NOTES

1Energy: A Human History, page 337 (return to text)

2This is a point explained in more detail by Vaclav Smil, who also gives a perspective on the relative degree of decarbonization. From 1900 to 2000, he says, “the average carbon intensity of the world’s fossil fuel supply kept on declining: when expressed in terms of carbon per unit of the global total primary energy supply, it fell from nearly 28 kg C/GJ [GigaJoule] in 1900 to just below 25 in 1950 and to just over 19 in 2010, roughly a 30% decrease; subsequently, as a result of China’s rapidly rising coal output, it rose a bit during the first decade of the twenty-first century.” Smil, Energy and Civilization: A History, page 270. (return to text)

3Energy: A Human History, page 336 (return to text)

4World Health Organization says there were 1.25 million traffic deaths in 2013. (return to text)

5Energy: A Human History, page 324 (return to text)

6This general statement must be qualified, of course, by noting that some particular nuclear plants should be shut down because their designs were inherently flawed to begin with, or because they have aged beyond the point where they can be maintained and operated safely. (return to text)

7Even if one accepts that the operating safety record of nuclear power stations is exemplary, there are the major issues of nuclear weapons proliferation, and the long-term storage of highly radioactive wastes. Rhodes doesn’t mention weapons proliferation, and he cavalierly dismisses the long-term disposal issue: “The notion that such waste must be successfully protected from exposure for hundreds of thousands of years is counter to how humans handle every other kind of toxic material we produce. We usually bury it, but we also discount its future risk, on the reasonable grounds that we owe concern to one or, at best, two generations beyond our own …” (Energy: A Human History, page 337, emphasis mine). Yes, that’s what we usually do, but in what sense is that “reasonable”? (return to text)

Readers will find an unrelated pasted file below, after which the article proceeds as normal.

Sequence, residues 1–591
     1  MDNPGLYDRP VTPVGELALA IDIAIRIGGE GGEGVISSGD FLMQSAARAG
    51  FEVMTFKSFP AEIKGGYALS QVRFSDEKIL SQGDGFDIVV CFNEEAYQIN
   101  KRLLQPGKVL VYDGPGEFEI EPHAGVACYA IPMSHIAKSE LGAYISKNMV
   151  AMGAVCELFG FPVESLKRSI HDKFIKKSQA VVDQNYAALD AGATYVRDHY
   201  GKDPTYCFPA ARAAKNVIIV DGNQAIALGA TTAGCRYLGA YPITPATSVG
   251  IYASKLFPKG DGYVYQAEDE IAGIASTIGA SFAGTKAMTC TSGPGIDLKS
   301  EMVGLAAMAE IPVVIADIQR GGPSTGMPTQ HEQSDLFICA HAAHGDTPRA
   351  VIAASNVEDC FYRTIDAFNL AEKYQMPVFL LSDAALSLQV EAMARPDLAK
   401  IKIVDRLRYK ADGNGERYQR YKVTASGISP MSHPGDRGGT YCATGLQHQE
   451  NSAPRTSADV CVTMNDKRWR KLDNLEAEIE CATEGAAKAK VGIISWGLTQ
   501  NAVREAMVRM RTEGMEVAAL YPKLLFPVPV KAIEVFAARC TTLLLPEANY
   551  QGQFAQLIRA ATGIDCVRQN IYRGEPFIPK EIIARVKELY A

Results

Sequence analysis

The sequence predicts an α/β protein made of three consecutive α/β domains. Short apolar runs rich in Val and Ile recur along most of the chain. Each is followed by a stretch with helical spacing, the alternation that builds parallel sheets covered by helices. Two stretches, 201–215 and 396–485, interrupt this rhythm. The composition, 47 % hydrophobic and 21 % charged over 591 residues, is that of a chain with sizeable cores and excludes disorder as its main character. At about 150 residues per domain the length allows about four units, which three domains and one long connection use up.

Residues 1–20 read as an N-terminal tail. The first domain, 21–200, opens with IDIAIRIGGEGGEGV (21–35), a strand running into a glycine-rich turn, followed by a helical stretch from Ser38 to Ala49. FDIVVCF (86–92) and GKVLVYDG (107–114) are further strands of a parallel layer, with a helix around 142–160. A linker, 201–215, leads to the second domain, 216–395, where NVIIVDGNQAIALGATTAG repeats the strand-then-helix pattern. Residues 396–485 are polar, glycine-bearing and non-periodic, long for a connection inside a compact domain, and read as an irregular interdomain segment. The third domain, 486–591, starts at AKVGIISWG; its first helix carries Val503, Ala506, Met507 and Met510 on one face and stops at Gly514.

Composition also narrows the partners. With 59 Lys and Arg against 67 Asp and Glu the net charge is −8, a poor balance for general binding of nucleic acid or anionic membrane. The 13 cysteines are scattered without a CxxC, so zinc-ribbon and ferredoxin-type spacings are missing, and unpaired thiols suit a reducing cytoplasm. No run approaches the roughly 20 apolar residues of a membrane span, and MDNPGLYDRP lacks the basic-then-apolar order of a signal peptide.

8Though the basic insight is simple, measuring and calculating EROI can be anything but simple. A key issue is deciding how far out to draw the boundaries of an analysis. As Hall, Lambert and Balogh noted in “EROI of different fuels and the implications for society” in 2014, “Societal EROI is the overall EROI that might be derived for all of a nation’s or society’s fuels by summing all gains from fuels and all costs of obtaining them. To our knowledge this calculation has yet to be undertaken because it is difficult, if not impossible, to include all the variables necessary to generate an all-encompassing societal EROI value”. (return to text)

9In Scientific American (April 2013) Mason Inman cited an EROI of 5 for nuclear electricity generation – lower than photovoltaic or wind generators, and only a small fraction of the EROI of 69 that Inman cited for global conventional oil production in 2011. In 2014 a meta-review of studies, EROI of different fuels and the implications for society, gave a mean EROI of 14 for nuclear power. A paper by the World Nuclear Association cites outliers among the published studies, highlighting a conclusion that nuclear generation of electricity has a higher average EROI than hydro or fossil fuel generating systems, and is “one order of magnitude more effective than photovoltaics and wind power”. (return to text)

A measured response to surveillance capitalism

Also published at Resilience.org.

A flood of recent analysis discusses the abuse of personal information by internet giants such as Facebook and Google. Some of these articles zero in on the basic business models of Facebook, and occasionally Google, as inherently deceptive and unethical.

But I have yet to see a proposal for any type of regulation that seems proportional to the social problem created by these new enterprises.

So here’s my modest proposal for a legislative response to surveillance capitalism1:

No company which operates an internet social network, or an internet search engine, shall be allowed to sell advertising, nor allowed to sell data collected about the service’s users.